The Digi-Path Premier service connects enterprises in the Yangon area to NTT Com’s global broadband network, giving them speeds of up to 1Mbps. Additional services such as a global IP address, web hosting, mail hosting, rental routers, managed firewalls, internet VPN and file transfers are also on offer.
From Burma to Myanmar
While 1Mbps for enterprise customers may seem rather slow to those living in countries with developed Internet infrastructure, the announcement marks the latest in the steady digital revolution taking place in Myanmar.
The next two decades saw a hybrid civilian and military government emerge, which led to the UN declaring Burma a ’Least Developed Country’ in 1987. Fueled by growing dissatisfaction with the country’s rulers, Burma was gripped by the 8888 Nationwide Popular Pro-Democracy Protests in 1988 as students, monks and political figures such as Aung San Suu Kyi called for a democratic government.
Instead, a brutal crackdown on protesters led to a bloody military coup that left the military junta in power for the next 23 years, with Burma being renamed Myanmar and its capital Ragoon renamed Yangon (in 2006, the capital was relocated to the newly-built Naypyidaw). Aung San Suu Kyi was placed under house arrest, where she continued to gain support and international accolades, including the Nobel Peace Prize.
After increasing pressure, the military junta began a slow and guarded transition to democracy in 2010, releasing Suu Kyi and holding (admittedly fradulent) elections. But 2015 proved a turning point for the nation after Suu Kyi’s party, the National League for Democracy (NLD), won the much more open elections.
With the government now semi-civilian, modernization efforts are underway, with the international community cautiously optimistic about a nation that still maintains a strong, aggressive military, carries out human rights violations and is currently wracked by what may be the longest-running civil conflict in the world.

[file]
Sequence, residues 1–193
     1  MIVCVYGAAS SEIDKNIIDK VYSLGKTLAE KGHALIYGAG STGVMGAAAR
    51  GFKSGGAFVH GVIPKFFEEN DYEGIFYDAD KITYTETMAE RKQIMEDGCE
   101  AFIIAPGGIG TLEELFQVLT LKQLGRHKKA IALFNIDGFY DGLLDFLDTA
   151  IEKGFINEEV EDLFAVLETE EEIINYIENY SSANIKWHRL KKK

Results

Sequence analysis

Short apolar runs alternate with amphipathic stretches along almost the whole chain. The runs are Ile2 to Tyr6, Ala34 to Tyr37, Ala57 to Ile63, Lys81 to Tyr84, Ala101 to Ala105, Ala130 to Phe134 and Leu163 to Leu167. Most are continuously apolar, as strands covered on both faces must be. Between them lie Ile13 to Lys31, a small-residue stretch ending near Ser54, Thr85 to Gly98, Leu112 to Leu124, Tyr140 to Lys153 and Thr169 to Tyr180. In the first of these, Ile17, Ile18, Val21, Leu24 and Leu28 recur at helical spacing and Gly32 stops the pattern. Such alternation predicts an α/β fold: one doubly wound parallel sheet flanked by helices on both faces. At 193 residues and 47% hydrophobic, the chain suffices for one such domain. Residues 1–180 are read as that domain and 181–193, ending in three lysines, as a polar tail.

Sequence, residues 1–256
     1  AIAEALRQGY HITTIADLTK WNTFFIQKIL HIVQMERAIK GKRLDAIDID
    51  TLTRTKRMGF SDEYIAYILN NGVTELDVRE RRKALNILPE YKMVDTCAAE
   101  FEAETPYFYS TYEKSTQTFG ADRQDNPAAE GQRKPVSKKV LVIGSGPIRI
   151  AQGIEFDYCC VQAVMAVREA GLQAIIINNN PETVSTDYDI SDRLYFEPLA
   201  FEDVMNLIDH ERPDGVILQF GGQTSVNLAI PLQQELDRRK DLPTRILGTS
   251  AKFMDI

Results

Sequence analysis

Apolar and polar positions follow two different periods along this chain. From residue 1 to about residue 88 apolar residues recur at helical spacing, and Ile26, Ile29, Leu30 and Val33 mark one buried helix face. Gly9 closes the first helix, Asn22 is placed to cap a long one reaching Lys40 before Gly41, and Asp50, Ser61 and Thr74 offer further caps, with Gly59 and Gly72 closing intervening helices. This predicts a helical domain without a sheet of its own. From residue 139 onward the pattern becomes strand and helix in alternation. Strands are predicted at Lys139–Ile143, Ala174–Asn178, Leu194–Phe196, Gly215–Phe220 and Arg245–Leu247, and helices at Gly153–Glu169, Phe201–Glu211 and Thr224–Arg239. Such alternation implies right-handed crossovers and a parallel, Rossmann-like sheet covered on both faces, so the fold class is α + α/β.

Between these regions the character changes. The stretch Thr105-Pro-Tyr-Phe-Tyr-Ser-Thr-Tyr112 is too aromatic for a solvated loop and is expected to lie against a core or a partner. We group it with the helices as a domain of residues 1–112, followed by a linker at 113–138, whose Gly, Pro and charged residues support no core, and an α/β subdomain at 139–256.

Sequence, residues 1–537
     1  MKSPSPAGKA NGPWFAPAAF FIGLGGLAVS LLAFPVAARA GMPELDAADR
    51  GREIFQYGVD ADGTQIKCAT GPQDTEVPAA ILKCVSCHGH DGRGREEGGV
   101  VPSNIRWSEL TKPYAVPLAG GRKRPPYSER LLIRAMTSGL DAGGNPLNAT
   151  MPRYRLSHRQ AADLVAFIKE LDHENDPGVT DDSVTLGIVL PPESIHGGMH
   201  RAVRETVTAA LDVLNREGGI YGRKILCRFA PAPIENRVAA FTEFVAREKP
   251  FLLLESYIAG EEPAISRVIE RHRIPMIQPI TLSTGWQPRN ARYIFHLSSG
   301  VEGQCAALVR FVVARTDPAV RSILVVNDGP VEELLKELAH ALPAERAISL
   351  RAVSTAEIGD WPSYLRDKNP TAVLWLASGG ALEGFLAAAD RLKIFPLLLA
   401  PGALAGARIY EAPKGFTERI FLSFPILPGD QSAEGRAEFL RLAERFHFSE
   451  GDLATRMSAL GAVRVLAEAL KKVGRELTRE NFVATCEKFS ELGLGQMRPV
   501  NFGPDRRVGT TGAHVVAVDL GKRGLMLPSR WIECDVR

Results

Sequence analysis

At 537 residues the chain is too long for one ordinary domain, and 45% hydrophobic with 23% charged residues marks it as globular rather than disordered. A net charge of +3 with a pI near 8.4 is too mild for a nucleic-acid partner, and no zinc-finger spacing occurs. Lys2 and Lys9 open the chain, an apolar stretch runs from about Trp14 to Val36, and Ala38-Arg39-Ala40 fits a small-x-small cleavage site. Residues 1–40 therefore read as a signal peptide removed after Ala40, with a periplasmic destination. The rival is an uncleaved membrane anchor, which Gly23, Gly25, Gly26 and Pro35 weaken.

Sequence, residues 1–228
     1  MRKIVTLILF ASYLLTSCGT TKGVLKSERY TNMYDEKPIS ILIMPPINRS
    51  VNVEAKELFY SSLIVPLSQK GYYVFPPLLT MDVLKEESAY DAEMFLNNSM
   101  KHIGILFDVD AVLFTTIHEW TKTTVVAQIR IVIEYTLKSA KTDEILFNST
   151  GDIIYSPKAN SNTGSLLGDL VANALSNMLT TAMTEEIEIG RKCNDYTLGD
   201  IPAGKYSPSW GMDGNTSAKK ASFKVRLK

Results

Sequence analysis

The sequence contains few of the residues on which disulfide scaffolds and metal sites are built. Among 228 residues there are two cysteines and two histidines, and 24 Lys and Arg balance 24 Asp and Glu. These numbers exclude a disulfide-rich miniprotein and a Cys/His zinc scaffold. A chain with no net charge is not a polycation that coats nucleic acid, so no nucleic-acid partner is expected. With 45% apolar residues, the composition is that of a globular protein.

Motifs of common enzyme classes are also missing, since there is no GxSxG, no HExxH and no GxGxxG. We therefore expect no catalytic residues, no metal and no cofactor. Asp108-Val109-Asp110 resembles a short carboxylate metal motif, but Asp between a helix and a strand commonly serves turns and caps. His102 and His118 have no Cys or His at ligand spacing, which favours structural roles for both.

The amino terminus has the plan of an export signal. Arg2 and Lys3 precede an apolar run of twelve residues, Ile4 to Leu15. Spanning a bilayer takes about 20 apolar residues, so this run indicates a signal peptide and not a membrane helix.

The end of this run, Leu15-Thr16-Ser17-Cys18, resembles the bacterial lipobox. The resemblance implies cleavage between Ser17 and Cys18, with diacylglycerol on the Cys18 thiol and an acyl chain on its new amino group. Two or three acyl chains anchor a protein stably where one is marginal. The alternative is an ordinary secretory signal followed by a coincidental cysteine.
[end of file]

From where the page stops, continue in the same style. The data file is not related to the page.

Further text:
A digital future
With sanctions easing, the new Myanmar government has welcomed outside investment to help build its digital infrastructure.
The country has been visited by both US President Barack Obama and presumptive presidential-nominee Hillary Clinton. Now it looks to replace the telecoms industry previously run by government-controlled monopolies that did little to keep Myanmar at the forefront of technological progress.
In February 2013, a US Agency for International Development (USAID) delegation including 50 executives from companies such as Cisco, Google, Hewlett-Packard, Intel, and Microsoft, visited Myanmar to look into potential projects. The next month, then-executive chairman of Google (now Alphabet) Eric Schmidt visited the country to meet senior government officials.
Later that year, Myanmar enlisted Toshiba and KDDI to build a modular data center ahead of opening its first stock exchange in 2015, and gave licenses to Norway’s Telenor and Qatar’s Ooredoo to provide telecommunications services. 2015, meanwhile, saw Flexenclosure provide a prefabricated modular data center for Burst Networks in Myanmar.
In a January 2016 letter, Suu Kyi even hit out at the results of this digital shift, saying: “Our lifestyles are changing nowadays as technology improves. Now our children waste a lot of their time on computer games, internet games and social networks. Children read less because the use of technology has increased.”